So, my exercise regimen tends to change from time to time. I am easily bored. By switching from one thing to another – health club to high school pool to brisk walks in the neighborhood to strenuous biking. I am currently in-between exercise programs. I sort of like going to the gym. Well, actually, I like having gone to the gym. I rarely like being at the gym.
I suppose that isn’t an unfamiliar feeling for many of you. I want to be fit. I want to keep my heart healthy. I want to lose some weight. All of those things require me to exercise. So, I go to the gym. I want to go to the gym, because I want to accomplish my health and fitness goals. But that doesn’t mean I like to go to the gym. This is a situation in which what I want and what I like are not the same thing.
It’s in situations like this that being a grown-up means rising up, taking myself in hand, and doing what I know I really want to do rather than simply what I like doing. I will admit right here and now that I do not always succeed at taking myself in hand and rising to the level of being a grown-up about these things. But neither do I always fail. This morning, for example, I worked myself into quite a sweaty lather on the elliptical machines and stationary bikes.
Now, let’s take that another step. This whole exercise thing isn’t just a matter of doing it but of doing it hard. For example, I could sit down on the stationary bike and begin riding along at 5 mph. I can tell you that going that slow on the stationary bike would probably not be too much of a strain for me. I might even find it pleasant and relaxing. I could read a good book while it pedaled. And on the whole, I’d have a very pleasant time of it. Of course, at that pace, I would not break into a sweat, and I would certainly not lose weight. In order for the exercise to be effective, I need to work harder than that. I need to push myself beyond where I’m comfortable. It’s that stretching beyond the point of discomfort that produces the real advantage for the exercise. The growth, the strengthening, the progress can be achieved only when I push myself a bit beyond what is easy, beyond what comfortable.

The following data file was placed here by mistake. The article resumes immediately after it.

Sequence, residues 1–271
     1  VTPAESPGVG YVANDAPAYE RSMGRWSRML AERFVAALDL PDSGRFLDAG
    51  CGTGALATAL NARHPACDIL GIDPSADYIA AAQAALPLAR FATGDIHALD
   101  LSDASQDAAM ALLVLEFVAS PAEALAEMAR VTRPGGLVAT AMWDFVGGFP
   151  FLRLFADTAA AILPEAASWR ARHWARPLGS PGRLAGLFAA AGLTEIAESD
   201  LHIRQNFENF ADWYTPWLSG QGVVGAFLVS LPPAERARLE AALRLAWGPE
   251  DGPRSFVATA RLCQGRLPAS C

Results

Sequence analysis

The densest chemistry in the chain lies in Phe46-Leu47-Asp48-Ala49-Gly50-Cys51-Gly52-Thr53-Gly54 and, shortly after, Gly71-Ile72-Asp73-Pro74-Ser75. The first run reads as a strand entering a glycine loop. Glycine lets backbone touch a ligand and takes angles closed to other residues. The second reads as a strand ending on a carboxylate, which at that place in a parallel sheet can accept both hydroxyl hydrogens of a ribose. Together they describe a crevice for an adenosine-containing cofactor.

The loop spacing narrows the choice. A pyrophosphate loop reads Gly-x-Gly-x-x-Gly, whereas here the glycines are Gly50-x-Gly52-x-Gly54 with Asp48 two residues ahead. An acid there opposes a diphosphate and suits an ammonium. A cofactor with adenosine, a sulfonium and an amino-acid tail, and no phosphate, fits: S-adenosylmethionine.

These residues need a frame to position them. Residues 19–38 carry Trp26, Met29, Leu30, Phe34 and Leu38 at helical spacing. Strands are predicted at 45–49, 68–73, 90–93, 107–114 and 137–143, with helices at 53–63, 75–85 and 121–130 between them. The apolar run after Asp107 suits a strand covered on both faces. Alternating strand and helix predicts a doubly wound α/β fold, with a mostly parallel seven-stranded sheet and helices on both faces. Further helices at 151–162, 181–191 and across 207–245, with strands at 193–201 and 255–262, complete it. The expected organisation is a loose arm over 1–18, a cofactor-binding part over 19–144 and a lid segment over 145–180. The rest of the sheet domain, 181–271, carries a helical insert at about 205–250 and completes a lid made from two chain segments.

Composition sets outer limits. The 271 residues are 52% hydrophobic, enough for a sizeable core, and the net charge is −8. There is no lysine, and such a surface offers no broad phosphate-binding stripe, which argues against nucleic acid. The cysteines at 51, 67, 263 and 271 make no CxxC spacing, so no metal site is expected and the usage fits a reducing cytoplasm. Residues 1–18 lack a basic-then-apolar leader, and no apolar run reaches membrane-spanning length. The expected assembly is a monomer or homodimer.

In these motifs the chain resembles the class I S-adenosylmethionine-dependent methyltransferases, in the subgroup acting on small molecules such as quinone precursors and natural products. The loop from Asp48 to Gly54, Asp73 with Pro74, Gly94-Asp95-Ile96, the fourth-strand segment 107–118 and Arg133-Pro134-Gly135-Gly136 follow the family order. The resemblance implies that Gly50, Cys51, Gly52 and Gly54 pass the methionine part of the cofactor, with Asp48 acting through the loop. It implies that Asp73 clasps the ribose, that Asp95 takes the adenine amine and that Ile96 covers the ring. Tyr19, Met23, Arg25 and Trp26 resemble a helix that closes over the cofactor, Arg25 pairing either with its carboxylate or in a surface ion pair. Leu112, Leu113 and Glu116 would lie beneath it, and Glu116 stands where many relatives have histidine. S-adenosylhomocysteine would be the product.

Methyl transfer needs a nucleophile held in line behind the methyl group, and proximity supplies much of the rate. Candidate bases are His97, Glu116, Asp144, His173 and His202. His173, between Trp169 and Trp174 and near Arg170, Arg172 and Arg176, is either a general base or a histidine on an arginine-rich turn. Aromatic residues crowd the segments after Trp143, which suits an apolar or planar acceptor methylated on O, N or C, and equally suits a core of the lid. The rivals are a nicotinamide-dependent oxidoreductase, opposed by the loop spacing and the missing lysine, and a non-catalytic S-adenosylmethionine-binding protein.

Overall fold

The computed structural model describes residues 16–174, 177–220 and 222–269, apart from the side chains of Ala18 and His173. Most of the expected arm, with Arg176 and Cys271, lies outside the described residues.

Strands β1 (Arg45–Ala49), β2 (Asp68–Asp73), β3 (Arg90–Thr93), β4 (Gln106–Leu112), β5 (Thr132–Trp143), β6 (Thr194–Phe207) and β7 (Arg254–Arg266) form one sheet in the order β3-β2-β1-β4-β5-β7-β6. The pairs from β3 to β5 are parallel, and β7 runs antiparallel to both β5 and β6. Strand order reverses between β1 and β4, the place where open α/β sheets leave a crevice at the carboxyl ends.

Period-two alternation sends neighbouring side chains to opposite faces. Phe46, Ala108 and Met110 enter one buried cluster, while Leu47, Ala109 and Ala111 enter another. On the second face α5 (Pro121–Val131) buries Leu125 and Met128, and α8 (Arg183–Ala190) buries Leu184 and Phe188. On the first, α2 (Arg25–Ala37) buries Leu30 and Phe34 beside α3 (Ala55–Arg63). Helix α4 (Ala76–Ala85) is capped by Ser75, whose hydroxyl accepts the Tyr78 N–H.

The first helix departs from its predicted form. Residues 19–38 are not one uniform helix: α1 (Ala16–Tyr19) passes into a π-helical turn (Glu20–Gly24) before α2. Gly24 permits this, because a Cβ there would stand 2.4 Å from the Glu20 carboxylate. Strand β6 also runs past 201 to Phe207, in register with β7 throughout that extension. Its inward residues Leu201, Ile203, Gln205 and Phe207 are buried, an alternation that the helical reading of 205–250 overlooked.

Physical fitness is not the only area of life that confronts us with this inner conflict between what we know we want to do and what we like to do. Nor is it the only realm of our lives in which the benefits can be had only when we are willing to push ourselves beyond what is comfortable.
From the very most ancient times, God’s people have recognized that giving away our money is one of the key exercises that God has provided for strengthening our spiritual lives and for training us for lives of faithfulness and obedience to him.
Just as exercises such as push-ups and riding a stationary bike will make our bodies stronger and healthier, so also God has provided us with spiritual exercises that strengthen and improve the health of our spiritual lives. Giving away more than we are quite comfortable doing is one of the most effective and essential of those spiritual exercises.
By giving more than we are really comfortable giving, we practice trusting God more than we trust our money. God has told us to give, and he has told us to rely on him. Do you trust him enough to take him at his word? Practice it, test him out by giving more than you feel comfortable giving.
Giving sacrificially is also a way of strengthening a vitally important set of spiritual muscles: i.e., the spiritual muscles that enable us to say “no” to ourselves and “yes” to God. Without those spiritual muscles we will never really be able to live a healthy Christian life. Just as lifting weighing is the necessary prerequisite to building up the muscles in your arms, so also giving sacrificially – giving beyond what is comfortable and easy – is the necessary prerequisite for growing up into a healthy, strong, and mature follower of Christ.
Yeah, I’m writing this now because we’re getting close to “Stewardship” time in most churches. But I’m writing is in hopes of shaking you free from the idea that giving is important because the church needs your money. That way of thinking gets it backwards. I want you to give sacrificially NOT because the church needs your money, but because YOU need to give. If you do not give sacrificially, then your spiritual life will become stunted and weak.
If God wants his church to do something, he will make sure it has what it needs. I say that because in almost thirty years of pastoring churches, I have seen him do that time after time.
God does not need your money. God wants your heart. And if you won’t give him your money, neither will you give him your heart. Our stewardship program is aimed at helping you practice pledging your love and trust to God. Sacrificially giving God your money is a way of practically, concretely, tangibly giving your heart to God.
© 2010 Gary A. Chorpenning